Francis’ message is “to see where we can find common purpose,” Father Lewis said. “It is also what we have heard from the generals of the religious orders: to find ways to collaborate, to find ways to conserve resources, to make better use of religious personnel. It is an issue that is being looked at by CRUIPRO, the conference of the rectors of the 22 pontifical Roman universities and institutions.”

This type of collaboration is exactly what the second priority of the Gregorian’s strategic plan is concerned with, Father Lewis said.

“We haven’t even really started scratching the surface of that yet, but when we start to find the synergies, I think we will create places that are better in each of the individual institutes…. Then we would be ready for whatever the demographics bring,” he said.

Demographic challenges

Looking ahead 10 or 15 years, Father Lewis said he is now considering two demographic challenges. First, he said, “the number of Jesuit vocations has been in decline for a while.” Today, there are around 17,000 men in the Society of Jesus, compared to some 30,000 when Father Lewis entered. And, he noted, there are fewer Jesuits with doctorates, “so it becomes harder to find faculty.”

Challenge number two, he said, comes from the fact that “while now more than 20 percent of our student population is not seminarians or priests but lay people and religious.” Because of the cost of living in Rome, Father Lewis does not expect the number of lay students to grow much more, and “the number of seminarians is not necessarily going to stay stable. So we have to start thinking about what’s the correct size.” He said that “the question of collaboration comes in here: If nine institutes in Rome have a first cycle in theology, will all of them be able to have sufficient students to make that a worthwhile project? And will it be possible to have the full faculty for a first cycle in all of those places?”

He reported that “Cruipro has started creating a system whereby somebody in the first cycle could take courses at another institution. And we would like to expand that more because then it becomes more of a consortium. You can get a taste of the other places, which would be a real advantage to studying here. That would be a first step in collaboration. Maybe 10 years down the road, the demographic changes would call for unifying first cycles, but we’re not ready for that yet,” he said.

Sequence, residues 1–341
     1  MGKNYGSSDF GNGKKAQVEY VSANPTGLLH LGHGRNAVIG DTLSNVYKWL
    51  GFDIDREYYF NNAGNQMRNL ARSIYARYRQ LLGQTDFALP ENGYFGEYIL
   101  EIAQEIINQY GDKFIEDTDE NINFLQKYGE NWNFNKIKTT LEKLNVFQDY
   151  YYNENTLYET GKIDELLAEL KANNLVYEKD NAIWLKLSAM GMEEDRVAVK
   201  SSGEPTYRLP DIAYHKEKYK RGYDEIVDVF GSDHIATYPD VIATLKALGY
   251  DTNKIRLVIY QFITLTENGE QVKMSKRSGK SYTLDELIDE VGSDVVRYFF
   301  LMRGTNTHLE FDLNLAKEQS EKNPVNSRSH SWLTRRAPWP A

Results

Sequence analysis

Jesuit charism

In an interview for the Winter 2023 edition of la Gregoriana magazine, Professor Cesareo, the external consultant, said: “This is a time of great opportunity for the university. It’s also time to imagine the Gregorian in a new way, always rooted in the Ignatian tradition, with its distinctive vision and mission.”

When I asked Father Lewis to unpack this, he said:

The Gregorian charism is very much a Jesuit charism. There’s an emphasis on quality of teaching. It is the top priority because if we’re going to do something, we want to do it to the best of our ability. Jesuit theology has always been very open to the world. So, it’s very much a lived theology, and I think that’s a very important aspect of what we do here, which is engaging in dialogue with culture, dialogue with other religions, as a way of deepening our own faith in our own experience of theology. That’s a very strong Jesuit piece; it comes out of our mission experiences, the fact that we’re worldwide, and the fact that we enculturate, we try and move into the cultures of the places where we arrive.

“The pedagogy that was developed in the 20th century, and in Jesuit high schools more than anywhere, was a reflection on the Ignatian exercises, and the sort of pedagogical elements that you can take from there,” he said. “So the idea of understanding who you’re teaching, where are they coming from, what’s their context, taking them from the experiences that they have, having them reflect on those experiences…. All of that leads to an active use of what they’ve learned.”

In our first interview in 2022, Father Lewis emphasized that “the goal of quality here is so important because most people teach the way they were taught. So if we can improve the pedagogy here, we also have an impact on university and seminary pedagogy around the world.”